I Am Me
By Karla Kuskin, Simon & Schuster
I Am Me, by Karla Kuskin, describes a little girl’s self discovery while attending a family reunion. In responding to observations by other characters, she describes physical characteristics that resemble and diverge from those of her parents, and other relatives, and reviews a few expressions and behavior traits that trigger recollections of relatives. After making these comparisons, she emphasizes an idea of personal identity with the statement, “I am positively absolutely altogether no one else but ME!”
Guidelines for Philosophical Discussion
By Lee Anglin
I Am Me presents a child’s story that encourages the reader to wrestle with metaphysical questions of identity, mind - body duality, and mysteries of human design. These issues neatly overlap, and the book provides an easy way to adjust to the relevant thoughts inspired in young minds.
The metaphysical issue of identity poses challenging questions about what evidence supports human uniqueness. Philosophers are divided about whether individual human beings are completely unique and why. On the one hand, the incredibly complexity of human biology suggests that no two people are ever completely alike. On the other hand, there are certainly ways in which each of us resembles our ancesters, perhaps in the shape of our noses or the way we move our hands. The book offers numerous practical observations about evidence relevant to the extent of our uniqueness. The narrator in the story points out the way our parents give us many physical characteristics that appear to reduce our uniqueness, or if the combination creates ones uniqueness. At the same time, I Am Me raises the issue of whether our thought process is determined by similar gifts from our parents. The conclusion of the story sets forth a clear rejection of the argument that human uniqueness does not exist, and invites the reader to review evidence of uniqueness against evidence of similarity. By encouraging readers to weigh that evidence, it helps them focus on what characteristics of the body or mind might establish a person as unique.
The narrator’s statement, “I clear my throat to speak,” brings the second issue of Mind versus Body into focus. Within philosophy, two major positions exist on the mind body problem. On the one side, you have monists, who maintain that there is only one type of thing in the world, either the mind (idealists) or the body (materialists). On the other side, you have Dualists, who maintain that the mind is a thing separate and distinct from the brain. Philosophy thus faces a question about what in the human directs behavior. Some people claim that the physical body just responds to sensations and gives orders for action, while others think that a mind deliberates about what actions make the most sense. The debate has huge consequences, because if the body controls everything based on sensation, we might not even have an opportunity to make choices. The character’s clearing of her throat raises the key question in a way that seems easily understood by people starting in philosophy. It seems young readers might easily debate issues such as whether a tickle in the throat prompts the cough, or whether a mind within the body uses the cough to do something like annoy a teacher. Even though the physical body might account for both actions, the idea of “I” directing action encourages the discussion of the mind-body issue.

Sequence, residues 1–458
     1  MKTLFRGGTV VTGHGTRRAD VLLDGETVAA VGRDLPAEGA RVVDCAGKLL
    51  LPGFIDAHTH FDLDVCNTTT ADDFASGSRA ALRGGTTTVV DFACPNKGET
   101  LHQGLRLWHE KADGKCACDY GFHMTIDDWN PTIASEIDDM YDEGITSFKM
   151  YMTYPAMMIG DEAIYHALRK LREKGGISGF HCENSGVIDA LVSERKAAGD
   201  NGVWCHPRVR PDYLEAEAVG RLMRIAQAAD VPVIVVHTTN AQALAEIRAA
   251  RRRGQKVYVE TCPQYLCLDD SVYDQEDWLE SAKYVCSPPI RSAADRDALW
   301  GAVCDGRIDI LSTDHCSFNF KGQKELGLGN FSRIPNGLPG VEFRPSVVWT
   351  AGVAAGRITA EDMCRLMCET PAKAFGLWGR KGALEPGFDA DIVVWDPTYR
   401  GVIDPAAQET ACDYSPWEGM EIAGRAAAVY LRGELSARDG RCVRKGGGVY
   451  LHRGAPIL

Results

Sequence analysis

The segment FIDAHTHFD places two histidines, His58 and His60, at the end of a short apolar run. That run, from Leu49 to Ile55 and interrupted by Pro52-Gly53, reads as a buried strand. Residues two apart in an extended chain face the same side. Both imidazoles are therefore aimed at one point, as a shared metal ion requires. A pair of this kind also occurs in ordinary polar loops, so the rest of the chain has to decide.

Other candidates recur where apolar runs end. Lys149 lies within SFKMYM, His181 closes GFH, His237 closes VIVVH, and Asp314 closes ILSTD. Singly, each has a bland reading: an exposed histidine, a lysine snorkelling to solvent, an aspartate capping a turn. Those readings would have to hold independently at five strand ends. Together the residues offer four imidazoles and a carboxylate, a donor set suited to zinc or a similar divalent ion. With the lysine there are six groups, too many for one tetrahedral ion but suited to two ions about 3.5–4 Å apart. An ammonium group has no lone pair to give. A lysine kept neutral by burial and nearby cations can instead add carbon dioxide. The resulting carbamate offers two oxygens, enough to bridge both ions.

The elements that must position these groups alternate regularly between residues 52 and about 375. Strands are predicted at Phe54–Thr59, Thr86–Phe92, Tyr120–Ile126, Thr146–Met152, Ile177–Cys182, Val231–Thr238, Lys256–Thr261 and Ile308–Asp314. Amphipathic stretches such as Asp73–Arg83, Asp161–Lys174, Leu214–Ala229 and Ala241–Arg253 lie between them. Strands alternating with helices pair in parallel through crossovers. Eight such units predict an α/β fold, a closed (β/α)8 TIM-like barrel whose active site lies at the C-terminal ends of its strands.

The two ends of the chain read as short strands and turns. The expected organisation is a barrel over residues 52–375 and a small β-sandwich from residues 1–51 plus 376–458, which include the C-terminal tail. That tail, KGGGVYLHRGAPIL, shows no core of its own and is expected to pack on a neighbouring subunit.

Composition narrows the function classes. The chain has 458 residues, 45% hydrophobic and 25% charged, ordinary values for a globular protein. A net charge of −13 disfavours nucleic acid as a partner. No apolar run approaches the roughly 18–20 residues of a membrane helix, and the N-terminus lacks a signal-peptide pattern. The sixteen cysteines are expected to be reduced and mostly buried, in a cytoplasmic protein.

The third issue raised by the content of the book comes about with the almost inevitable question about what accounts for our human characteristics, and the role of evolution in plant and human design. The question is the first step in dealing with the controversial and complex issues involved in discussing ideas first raised by Darwin, that sometimes call into question the claim that God created everything. Darwin raised the issue of natural selection, and the way that process helps account for the way human beings are involved in a process of evolution over the ages. His work invites questions about what types of scientific evidence might help us explain why we have certain features. It encourages a comparison of the evidence developed about the way plants and animals have developed in the world, and questions about whether it is simply accidental or whether we respond to the needs of nature. The book helps make the point very well. It references trees reaching towards the sky in an effort to capture the most powerful sun, and creates a perfect example of the way taller trees might prove the best able to survive on earth. It invites discussion whether the process of evolution accounts for human design by leading those with the best adaptation skills to survive. People might seek the sun to be more attractive, or to develop a better ability to work in the sun. Though evolution provides evidence of a scientific account of human formation, arguments can still be made that a God set the evolutionary process in place. In the final analysis, the third issue of design helps readers of the book to review evidence about what accounts for the way we look and behave.
Questions for Philosophical Discussion
By Lee Anglin
Everybody says I have my mother’s eyes. . .
Duality (Mind verses Body)
I clear my throat to speak
Everybody says. . .I have my mother’s pointed chin